Moreover, as the civilisation advances, the relationships between the alien creatures become more complicated too, meaning that along with the institutions of church and government that evolve, so too does the political intrigue as some characters work toward contacting humanity and others simply try to consolidate their power. Moreover, it’s often said that science fiction is less about the future and more about our own time. So while I don’t think it was Forward’s intention to put social commentary at the forefront of the novel, I did find myself having a profound little moment when I compared the alien civilisation to our own.

For example, children on their world are raised by the elderly of their clans. The parents involved just lay the eggs in a communal hatchery and don’t feel any compulsion to nurture them until they too reach old age and finish out their lives by caring for the infants. As you can imagine, it brought to mind what a lousy position a lot of elderly people here on Earth end up in. You know, when you have a kid, you basically spend a large chunk of your life teaching it how to look after itself and helping it to build an appropriately robust ego so that it can survive in a world where everybody is only looking out for number one. Then when you get old you have to rely on your own retirement funds if you want any quality of life, or, as is often the case, you have to depend on these children who you raised to just look out for themselves and end up getting crammed into a nursing home. That’s obviously a pretty extreme example, but I did find myself admiring the alien civilisations approach in that their children are seen to respect the elderly and the elderly find a continual purpose in how they become the primary caretakers for the young. That is all way off topic though.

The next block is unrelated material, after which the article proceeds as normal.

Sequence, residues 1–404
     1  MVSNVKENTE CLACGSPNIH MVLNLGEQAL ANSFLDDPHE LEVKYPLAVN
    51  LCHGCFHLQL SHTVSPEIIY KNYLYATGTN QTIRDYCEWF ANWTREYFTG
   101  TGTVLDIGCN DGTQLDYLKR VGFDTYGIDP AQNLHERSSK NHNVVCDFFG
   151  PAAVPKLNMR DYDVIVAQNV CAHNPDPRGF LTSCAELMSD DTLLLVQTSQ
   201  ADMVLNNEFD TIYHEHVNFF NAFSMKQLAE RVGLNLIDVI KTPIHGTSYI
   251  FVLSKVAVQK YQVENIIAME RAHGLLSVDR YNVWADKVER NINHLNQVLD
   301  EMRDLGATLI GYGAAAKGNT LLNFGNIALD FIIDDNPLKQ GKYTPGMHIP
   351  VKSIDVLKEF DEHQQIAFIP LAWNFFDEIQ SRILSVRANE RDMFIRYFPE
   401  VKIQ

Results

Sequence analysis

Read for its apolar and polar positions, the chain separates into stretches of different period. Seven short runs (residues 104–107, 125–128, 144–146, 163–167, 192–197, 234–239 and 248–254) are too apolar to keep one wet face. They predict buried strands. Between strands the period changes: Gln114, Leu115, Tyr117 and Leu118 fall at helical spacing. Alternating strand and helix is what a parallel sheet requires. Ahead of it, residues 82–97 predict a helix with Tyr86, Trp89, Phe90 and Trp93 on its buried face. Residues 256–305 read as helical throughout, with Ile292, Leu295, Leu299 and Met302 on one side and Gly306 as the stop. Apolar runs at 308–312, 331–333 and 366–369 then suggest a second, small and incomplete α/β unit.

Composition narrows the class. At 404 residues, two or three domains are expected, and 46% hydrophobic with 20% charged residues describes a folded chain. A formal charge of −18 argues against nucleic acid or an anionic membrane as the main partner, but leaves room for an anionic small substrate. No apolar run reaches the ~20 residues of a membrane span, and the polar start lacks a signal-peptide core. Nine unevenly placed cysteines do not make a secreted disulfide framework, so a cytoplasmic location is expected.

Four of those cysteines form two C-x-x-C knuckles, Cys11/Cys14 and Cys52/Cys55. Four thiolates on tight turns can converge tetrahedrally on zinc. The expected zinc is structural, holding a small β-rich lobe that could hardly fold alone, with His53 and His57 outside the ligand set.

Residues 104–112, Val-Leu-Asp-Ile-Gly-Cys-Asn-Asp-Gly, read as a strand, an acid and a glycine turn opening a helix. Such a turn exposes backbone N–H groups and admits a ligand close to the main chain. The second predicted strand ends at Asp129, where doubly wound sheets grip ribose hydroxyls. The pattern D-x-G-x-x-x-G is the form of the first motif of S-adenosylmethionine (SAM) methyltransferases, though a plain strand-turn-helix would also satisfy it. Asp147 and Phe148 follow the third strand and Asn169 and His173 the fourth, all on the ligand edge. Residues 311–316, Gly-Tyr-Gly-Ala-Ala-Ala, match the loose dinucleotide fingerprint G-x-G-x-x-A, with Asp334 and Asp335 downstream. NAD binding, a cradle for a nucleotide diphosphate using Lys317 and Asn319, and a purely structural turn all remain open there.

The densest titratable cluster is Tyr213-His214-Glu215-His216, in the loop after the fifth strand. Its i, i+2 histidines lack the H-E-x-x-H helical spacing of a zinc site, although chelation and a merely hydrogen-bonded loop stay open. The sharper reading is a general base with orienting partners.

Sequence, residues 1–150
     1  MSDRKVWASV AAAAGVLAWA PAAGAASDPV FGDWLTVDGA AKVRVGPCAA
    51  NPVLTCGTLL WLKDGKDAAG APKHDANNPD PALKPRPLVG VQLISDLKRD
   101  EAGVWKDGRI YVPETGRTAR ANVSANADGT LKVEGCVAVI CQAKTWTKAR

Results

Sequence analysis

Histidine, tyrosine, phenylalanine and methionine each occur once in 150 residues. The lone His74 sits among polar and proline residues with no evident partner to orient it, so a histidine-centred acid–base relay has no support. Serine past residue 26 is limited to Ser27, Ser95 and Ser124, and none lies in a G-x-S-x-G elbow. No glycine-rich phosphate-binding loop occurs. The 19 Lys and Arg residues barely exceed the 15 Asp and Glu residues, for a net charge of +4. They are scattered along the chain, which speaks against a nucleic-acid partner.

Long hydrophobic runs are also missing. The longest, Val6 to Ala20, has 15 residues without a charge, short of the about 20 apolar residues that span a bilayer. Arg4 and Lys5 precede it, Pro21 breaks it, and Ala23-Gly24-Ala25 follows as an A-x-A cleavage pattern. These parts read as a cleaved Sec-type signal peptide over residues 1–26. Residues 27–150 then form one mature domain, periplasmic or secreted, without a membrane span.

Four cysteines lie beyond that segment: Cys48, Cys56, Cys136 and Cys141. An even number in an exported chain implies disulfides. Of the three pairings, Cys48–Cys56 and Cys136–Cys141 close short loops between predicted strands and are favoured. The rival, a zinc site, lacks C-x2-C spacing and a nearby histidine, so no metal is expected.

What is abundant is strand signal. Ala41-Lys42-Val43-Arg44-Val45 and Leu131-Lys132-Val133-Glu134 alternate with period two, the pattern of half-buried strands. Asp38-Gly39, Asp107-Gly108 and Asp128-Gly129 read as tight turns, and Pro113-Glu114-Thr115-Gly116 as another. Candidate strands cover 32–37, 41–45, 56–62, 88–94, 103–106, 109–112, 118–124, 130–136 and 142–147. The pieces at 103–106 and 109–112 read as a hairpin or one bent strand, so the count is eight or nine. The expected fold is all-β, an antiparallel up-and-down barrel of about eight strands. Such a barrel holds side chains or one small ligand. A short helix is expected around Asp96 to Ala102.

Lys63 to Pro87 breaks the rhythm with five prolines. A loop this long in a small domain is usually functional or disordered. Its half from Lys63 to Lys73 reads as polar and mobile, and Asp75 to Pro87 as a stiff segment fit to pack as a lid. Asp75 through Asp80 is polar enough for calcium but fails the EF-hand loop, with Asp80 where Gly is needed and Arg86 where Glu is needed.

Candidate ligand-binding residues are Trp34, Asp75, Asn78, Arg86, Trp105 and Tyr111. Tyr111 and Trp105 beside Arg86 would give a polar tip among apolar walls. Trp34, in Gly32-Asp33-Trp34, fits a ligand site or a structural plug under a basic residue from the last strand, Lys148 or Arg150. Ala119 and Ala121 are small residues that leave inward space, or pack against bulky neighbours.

So, back to the question at hand; Is Dragon’s Egg a case where the hard sci-fi aspects of it are too hard for the average reader? Well, to be honest, I think that depends on your tolerance for being confused. Having read the thing, I still don’t fully understand some elements of the science, for instance, why exactly the alien creatures need to travel along certain magnetic poles. I gather it has something to do with the extreme gravitational pulls from the neutron star as well as the fact that they exist on an almost microscopic level. But you’d be asking the wrong guy if you wanted the whole thing explained in any detail. Luckily, it’s not as if there’s an exam at the end of the book. I didn’t expect myself to get every equation that went into the science, which allowed me to enjoy the few revelatory moments when I did. And you know, I really grew to love some of the characters Forward created. I found he had a knack for both endearing me to these alien creature as well as for expanding my mind with plenty of intellectual stimulation.

In the end, I’d even go as far to say it was as inspirational as some of the better sci-fi movies I’ve seen over the years. If you’ve never tried any hard sci-fi before, this is certainly a place where you could start. Or, if you’re looking for something more accessible, then check out my video on Sci-fi Books for Beginners, which has a little bit of everything for all you prospective sci-fi readers out there.


Simon Fay